As the season approached this spring, I was accused by plenty of people of being overly rosy in my assessment of these 2010 Twins. Admittedly, I think Bill Smith and his front office colleagues have done a great job of assembling a well balanced and star-heavy roster for this season, so this is the most excited and optimistic I've been about a Twins team in my lifetime.
Still, no team is perfect and there are plenty of things that could derail the Twins in their first season at Target Field. It seems fitting that I was pegged to write the counterpoint to Parker's article outlining five things working for the Twins this season. Below, I lay out five things working against the team in 2010:
1. No Established Closer
Over the past six years, most other teams around the league have envied the Twins’ closer situation. Joe Nathan has been among the most dominant and consistent closers in all of baseball during that span, leaving the Twins with little to worry about when entering the ninth inning with a slim lead. Now, with Nathan out for the year due to an elbow injury, the Twins will have to learn what it’s like to move forward without a superhuman door-slammer at the back end of the bullpen.
Between Jon Rauch, Matt Guerrier, Jose Mijares, Pat Neshek and Jesse Crain, the Twins should still be able to field a competent relief corps and it’s unlikely that Nathan’s loss will crush them. Nevertheless, it seems quite likely that a few more leads will be slipping away in the ninth this year, which can be crushing to a team’s morale.
2. Lack of Team Speed
Twins teams in past years have been built with athleticism as a guiding tenet. Ron Gardenhire and Co. like guys who can hustle out infield hits, make opportunistic plays on the base paths and chase down balls in the field. Players like Carlos Gomez and Alexi Casilla have embodied this approach. This year, however, the Twins are departing from that philosophy, leaning more toward powerful but slow-footed players like Jason Kubel and Jim Thome. Neither of the team’s starting middle infielders could be described as a speedster; this is the first time I can remember being able to say that. In fact, there’s really only one projected regular who I can realistically envision swiping 20 or more bases, and that’s Denard Span.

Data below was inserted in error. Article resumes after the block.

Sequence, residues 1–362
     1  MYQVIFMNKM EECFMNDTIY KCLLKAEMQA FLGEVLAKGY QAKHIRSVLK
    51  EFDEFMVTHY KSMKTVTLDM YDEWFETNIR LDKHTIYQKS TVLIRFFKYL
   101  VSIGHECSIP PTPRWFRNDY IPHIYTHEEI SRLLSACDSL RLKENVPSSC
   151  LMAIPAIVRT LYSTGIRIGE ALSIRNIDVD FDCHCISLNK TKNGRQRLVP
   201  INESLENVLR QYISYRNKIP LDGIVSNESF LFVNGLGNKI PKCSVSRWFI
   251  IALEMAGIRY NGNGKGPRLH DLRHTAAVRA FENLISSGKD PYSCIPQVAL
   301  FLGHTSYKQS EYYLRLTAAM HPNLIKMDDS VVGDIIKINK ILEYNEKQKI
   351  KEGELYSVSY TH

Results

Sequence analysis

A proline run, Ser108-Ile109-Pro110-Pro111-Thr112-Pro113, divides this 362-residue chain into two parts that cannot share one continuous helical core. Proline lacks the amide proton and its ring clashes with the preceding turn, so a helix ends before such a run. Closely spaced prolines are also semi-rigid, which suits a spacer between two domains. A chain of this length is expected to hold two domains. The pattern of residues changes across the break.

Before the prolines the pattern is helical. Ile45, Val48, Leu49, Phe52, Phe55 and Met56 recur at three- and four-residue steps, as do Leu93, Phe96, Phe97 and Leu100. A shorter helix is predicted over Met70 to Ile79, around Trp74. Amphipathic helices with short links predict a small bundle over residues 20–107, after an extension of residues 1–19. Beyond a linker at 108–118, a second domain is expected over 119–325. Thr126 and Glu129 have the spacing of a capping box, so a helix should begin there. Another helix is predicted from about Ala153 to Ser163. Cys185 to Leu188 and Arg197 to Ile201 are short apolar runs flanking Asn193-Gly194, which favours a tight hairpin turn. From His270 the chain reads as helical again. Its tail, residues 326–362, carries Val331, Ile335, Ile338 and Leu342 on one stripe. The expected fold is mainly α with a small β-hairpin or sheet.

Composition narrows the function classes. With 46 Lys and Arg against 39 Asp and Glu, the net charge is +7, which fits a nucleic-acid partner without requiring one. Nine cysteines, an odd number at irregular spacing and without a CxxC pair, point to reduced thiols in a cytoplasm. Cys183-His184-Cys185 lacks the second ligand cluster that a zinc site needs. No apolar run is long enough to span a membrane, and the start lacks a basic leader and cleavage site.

This is hardly a crippling detriment – I’d rather see the front office focus on filling the lineup with guys who can actually hit than with guys who can run fast – but it will be a change. And the biggest impact of this lack of speed may be seen in the field, which brings us to our next topic…
3. Outfield Defense
On days where the Twins had Gomez in center and Span in left last season, you’d have been hard-pressed to find a better defensive outfield alignment anywhere in the league. Gomez has been one of the best defensive center fielders in the majors over the past two years and Span’s outstanding range in left has stood out at a position where teams often stick plodding defensive liabilities.
With Gomez absent this year, Span will shift to center field, where he is far less spectacular. Meanwhile, Delmon Young (speaking of “plodding defensive liabilities”…) takes over as the full-time left fielder. The drop-off from Span to Young in left field cannot be understated. Michael Cuddyer remains in right, and while he was never a particularly adept fielder to begin with, he’ll have a whole new set of challenges in learning how to handle Target Field’s quirky overhang.
With a fly ball heavy pitching staff, these three will get plenty of work, and chances are that fans will be subjected to some adventures out there. Since balls that don’t get caught in the outfield often turn into extra-base hits, this could be especially damaging.
4. Substandard Production at Offense-Oriented Positions
Behind first base and right field, left field and third base were the strongest offensive positions on the field across the major leagues last season. These are positions where teams often settle for less defensively in order to plug in strong offensive producers. Unfortunately, the Twins’ regular starters at left field and third base are Young and Nick Punto, neither of whom has proven capable of posting even average numbers for his respective position.
The Twins are hoping to offset this flaw by trotting out unusually strong hitters at the middle spots (catcher, second base, shortstop and center field) but if those positions should be ravaged by injury or ineffectiveness, Young and Punto could become liabilities.
5. No Bona Fide Ace in Rotation
The Twins’ 2010 rotation is shrouded in question marks and hypothetical scenarios. If Opening Day starter Scott Baker can consistently pitch the way he did in the second half last year, he could be a frontline starting pitcher. If Kevin Slowey can rebound from the wrist injury that ended his 2009 season and start to mimic the work he did in the minors, he could be one of the league’s top starters. If Francisco Liriano can translate his fine work in the winter league and in spring training into regular-season results, he could start reminding us of his phenomenal rookie campaign when he was an ace-caliber pitcher.
Unfortunately, for all their ability, these pitchers have also flashed their downside at times in the past. And having an elite starter at the top of the rotation is definitely important; in the four years when Johan Santana led their pitching corps, the Twins never ranked lower than fifth among AL teams in ERA. Last year, with no Santana and no one stepping up to deliver even a sub-4.00 ERA, the Twins ranked fourth-to-last.